The Bank of Tanzania (BoT) is developing a national switch to further enhance interoperability mobile telephone operators aiming at cutting costs for either party in electronic money transfers.
The central bank said the process is at an advanced stage and now plans to engage key stakeholders—mobile money transfers, banks and non-banks in a bid to develop the switch.
“[BoT] is in the process of engaging key stakeholders in the financial sector in developing the National Switch,” BoT said in its Monetary Policy Statement for June 2018 issued last week.
In 2014, Tanzania’s four major mobile phone operators—Vodacom, Tigo, Airtel, and Zantel—reached an interoperability agreement to allow their customers to interact with each other.
Through the interoperability agreement, customers can make payments from the mobile money account of one provider to the mobile money account of another provider.
This made Tanzania one of the first countries in the world with an industry-agreed interoperable market for mobile financial services.
The bank said the aim of developing the switch was to further enhance interoperability and reduce costs payment service to providers as well as to consumers.
The interoperability eased transaction by enabling a customer to send money to one’s outside network at an affordable rate and hassle-free.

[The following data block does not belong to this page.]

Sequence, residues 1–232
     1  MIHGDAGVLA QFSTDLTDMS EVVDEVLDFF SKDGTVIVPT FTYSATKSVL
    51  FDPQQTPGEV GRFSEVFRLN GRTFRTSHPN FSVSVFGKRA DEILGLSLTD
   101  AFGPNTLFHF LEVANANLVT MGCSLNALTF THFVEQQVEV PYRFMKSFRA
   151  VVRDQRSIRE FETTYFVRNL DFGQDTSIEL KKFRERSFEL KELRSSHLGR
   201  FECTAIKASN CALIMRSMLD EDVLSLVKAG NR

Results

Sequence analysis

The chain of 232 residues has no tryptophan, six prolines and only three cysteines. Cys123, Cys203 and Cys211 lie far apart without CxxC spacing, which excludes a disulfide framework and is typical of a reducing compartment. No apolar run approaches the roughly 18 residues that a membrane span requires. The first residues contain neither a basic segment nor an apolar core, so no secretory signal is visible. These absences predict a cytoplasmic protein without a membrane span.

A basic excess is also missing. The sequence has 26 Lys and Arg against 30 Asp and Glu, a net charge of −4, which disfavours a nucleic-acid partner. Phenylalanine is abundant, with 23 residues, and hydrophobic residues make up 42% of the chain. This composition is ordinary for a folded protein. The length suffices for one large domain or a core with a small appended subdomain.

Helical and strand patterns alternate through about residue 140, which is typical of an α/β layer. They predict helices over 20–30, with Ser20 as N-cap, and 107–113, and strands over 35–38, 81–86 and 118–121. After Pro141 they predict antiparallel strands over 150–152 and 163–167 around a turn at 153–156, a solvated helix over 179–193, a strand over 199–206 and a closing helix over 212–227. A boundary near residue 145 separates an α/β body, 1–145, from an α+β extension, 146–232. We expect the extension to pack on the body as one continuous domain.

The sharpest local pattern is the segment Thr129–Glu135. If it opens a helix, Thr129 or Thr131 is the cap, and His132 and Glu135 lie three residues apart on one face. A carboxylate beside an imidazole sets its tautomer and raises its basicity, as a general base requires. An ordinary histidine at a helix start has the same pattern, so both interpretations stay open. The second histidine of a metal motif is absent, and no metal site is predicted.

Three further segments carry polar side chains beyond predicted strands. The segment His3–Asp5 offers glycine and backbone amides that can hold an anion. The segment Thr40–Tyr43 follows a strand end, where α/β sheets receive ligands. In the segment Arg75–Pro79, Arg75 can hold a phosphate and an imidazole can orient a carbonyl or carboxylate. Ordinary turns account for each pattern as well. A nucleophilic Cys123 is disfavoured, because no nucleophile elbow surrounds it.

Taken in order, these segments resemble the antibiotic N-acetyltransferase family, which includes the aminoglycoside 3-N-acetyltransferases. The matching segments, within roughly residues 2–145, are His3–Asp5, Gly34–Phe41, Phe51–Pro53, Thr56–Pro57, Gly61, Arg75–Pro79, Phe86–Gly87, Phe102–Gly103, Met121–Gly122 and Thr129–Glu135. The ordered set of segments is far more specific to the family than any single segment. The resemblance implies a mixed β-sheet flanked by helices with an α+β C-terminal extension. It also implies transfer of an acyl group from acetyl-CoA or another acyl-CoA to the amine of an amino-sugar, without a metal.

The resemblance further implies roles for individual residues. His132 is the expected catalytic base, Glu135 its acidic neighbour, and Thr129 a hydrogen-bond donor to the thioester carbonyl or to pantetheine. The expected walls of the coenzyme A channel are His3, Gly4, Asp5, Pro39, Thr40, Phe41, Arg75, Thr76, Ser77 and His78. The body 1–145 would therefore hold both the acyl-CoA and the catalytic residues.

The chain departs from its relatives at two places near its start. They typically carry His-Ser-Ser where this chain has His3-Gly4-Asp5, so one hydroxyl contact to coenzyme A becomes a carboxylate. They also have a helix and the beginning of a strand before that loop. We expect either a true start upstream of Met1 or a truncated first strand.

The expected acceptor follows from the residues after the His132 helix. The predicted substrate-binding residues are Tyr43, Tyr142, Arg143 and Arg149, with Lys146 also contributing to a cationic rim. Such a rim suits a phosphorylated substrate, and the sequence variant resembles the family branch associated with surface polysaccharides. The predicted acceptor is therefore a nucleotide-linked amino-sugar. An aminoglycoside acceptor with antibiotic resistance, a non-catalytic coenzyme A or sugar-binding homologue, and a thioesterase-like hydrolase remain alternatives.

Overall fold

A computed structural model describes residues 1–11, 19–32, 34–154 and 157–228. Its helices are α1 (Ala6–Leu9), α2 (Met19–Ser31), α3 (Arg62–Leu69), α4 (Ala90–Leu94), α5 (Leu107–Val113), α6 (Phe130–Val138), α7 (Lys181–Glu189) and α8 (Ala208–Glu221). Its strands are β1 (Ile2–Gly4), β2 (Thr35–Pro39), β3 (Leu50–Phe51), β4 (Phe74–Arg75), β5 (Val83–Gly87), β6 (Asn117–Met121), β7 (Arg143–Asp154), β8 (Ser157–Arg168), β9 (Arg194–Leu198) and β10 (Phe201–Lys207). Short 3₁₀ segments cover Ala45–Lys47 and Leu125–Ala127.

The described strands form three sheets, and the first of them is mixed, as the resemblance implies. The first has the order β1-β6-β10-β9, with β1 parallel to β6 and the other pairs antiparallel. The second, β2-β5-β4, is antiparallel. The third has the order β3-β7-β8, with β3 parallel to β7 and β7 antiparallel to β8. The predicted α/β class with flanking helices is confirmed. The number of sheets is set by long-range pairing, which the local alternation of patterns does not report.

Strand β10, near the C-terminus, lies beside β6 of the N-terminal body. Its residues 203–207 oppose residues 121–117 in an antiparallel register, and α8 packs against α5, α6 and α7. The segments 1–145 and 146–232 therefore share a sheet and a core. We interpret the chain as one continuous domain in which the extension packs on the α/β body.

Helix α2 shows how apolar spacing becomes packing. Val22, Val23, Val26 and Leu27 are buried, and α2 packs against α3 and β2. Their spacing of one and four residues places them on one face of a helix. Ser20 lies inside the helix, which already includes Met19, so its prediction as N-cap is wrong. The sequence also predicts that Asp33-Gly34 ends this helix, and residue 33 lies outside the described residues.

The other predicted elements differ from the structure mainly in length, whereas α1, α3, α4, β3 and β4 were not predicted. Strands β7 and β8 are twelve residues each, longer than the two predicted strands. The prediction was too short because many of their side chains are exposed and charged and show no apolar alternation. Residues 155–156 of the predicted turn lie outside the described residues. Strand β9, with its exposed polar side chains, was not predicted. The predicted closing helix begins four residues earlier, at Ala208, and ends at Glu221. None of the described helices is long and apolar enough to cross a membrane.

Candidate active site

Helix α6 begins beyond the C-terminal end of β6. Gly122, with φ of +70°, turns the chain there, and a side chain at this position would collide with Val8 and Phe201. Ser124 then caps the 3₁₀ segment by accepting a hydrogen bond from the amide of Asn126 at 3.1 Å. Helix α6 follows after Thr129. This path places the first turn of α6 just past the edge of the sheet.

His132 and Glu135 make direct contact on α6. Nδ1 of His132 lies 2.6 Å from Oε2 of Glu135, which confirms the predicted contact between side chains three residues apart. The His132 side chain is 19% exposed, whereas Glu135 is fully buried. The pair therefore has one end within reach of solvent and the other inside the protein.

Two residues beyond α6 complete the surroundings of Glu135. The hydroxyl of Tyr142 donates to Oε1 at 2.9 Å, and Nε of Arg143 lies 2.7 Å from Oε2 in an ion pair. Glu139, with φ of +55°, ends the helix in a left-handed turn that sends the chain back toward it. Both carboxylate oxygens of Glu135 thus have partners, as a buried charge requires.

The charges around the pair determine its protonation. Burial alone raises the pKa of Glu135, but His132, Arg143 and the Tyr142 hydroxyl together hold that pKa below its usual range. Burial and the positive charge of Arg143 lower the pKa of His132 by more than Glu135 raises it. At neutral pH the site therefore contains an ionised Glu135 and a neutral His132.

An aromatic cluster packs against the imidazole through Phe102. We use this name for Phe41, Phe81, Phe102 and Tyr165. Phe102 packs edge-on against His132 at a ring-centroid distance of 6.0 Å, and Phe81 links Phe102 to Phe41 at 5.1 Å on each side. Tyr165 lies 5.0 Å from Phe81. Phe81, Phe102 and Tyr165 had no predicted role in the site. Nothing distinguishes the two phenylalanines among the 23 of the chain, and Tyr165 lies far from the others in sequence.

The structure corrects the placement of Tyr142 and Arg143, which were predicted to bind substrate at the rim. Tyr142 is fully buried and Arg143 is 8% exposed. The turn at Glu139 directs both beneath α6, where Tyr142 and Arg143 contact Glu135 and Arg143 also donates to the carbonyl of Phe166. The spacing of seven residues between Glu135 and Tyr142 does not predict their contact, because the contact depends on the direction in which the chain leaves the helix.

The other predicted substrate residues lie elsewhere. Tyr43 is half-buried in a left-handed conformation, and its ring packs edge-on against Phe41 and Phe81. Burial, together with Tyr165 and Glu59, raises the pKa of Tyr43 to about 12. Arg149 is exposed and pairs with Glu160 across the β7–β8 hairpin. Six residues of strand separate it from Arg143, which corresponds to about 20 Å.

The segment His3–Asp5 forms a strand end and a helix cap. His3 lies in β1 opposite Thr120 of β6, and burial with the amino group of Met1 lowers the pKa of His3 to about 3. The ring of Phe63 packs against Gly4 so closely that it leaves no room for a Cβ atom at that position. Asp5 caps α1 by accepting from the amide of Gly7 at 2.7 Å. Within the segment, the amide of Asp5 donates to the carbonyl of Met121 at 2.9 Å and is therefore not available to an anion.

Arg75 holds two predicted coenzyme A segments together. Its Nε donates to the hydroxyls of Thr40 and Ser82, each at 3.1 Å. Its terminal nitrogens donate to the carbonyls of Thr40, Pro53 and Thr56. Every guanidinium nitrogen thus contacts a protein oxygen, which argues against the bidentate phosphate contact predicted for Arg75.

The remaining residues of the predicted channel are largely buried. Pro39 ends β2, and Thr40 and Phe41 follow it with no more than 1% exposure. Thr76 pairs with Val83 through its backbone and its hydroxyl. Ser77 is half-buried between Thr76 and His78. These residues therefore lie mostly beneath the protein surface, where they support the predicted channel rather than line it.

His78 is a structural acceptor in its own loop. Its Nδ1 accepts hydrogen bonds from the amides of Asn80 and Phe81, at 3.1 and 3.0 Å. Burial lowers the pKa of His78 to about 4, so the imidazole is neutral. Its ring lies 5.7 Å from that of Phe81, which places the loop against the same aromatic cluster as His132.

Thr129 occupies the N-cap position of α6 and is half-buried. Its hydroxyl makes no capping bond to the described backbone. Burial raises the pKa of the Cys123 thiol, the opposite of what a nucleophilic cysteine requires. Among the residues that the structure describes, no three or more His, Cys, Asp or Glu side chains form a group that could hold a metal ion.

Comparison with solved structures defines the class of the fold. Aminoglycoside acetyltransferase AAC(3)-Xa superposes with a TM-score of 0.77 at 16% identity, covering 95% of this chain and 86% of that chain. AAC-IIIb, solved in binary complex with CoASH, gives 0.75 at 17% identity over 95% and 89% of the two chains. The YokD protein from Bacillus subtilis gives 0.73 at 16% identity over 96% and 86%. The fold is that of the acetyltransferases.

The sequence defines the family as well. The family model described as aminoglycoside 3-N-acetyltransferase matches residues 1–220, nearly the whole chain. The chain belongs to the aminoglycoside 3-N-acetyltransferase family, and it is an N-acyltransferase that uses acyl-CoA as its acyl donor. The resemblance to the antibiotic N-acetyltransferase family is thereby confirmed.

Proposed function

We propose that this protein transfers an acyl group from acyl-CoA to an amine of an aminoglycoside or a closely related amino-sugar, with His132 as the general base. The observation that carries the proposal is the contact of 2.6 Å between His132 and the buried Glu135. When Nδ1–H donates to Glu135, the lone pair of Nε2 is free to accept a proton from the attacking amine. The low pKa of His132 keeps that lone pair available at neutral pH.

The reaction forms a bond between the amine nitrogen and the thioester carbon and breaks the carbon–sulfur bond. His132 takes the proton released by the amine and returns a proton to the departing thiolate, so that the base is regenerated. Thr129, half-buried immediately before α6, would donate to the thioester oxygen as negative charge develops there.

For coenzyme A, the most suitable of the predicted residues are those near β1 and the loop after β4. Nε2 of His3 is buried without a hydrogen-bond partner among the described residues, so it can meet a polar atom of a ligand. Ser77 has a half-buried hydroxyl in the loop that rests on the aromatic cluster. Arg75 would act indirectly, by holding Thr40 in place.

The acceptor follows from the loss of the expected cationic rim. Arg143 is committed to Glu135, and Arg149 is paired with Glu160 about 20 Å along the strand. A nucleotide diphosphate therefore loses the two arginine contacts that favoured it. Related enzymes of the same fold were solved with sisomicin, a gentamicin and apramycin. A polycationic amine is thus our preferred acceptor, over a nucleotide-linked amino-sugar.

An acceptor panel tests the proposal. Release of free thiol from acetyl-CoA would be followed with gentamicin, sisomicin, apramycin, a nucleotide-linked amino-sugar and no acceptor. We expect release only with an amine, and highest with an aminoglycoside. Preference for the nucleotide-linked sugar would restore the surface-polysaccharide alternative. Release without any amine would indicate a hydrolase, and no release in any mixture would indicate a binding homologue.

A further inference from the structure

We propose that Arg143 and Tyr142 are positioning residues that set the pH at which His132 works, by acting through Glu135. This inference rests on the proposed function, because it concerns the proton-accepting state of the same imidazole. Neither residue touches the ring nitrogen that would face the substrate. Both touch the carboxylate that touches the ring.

Between July last year and April this year, utilization capability in mobile money transfer continued to grow to reach 80.7 million transactions worth 3.31tri/-.
This was 104.7 percent increase in volume and 78.9 percent in value compared to the corresponding period of 2016/17, according to BoT.
The interoperability of mobile financial services has contributed to overall growth of total mobile money transactions by 37.3 percent in volume and 23.4 percent in value in the period under review, compared to the corresponding period of 2016/17.
On top of that, the number of active registered accounts for mobile money stood at 19.5 million in April against 17.3 million last April.
Tanzania is one of the world leaders in mobile money transfers, being first introduced in the country in 2008 but interoperability was launched in 2015.
However, three years down the lane, the regulator wants to perfect the interoperability further. Among the key issue is to simplify further the services by having a single national switch that would allow any player, after being authorized, instead of a player to choose a partner.
“In ensuring safety and efficiency of the National Payment Systems the [central] bank continued with the process of oversight and licensing of new payment service providers under the current regulatory framework”.
There are six mobile money providers in the country namely Vodacom with M-Pesa controlling 43 per cent market share, Tigo with Tigo Pesa (36 per cent), Airtel with Airtel Money (17 per cent), Halotel with Halotel Money (3 per cent), Zantel with Ezy Pesa (1.0 per cent), and TTCL (0.04 per cent) as at March this year, according to Tanzania Communications Regulatory Authority (TCRA) statistics.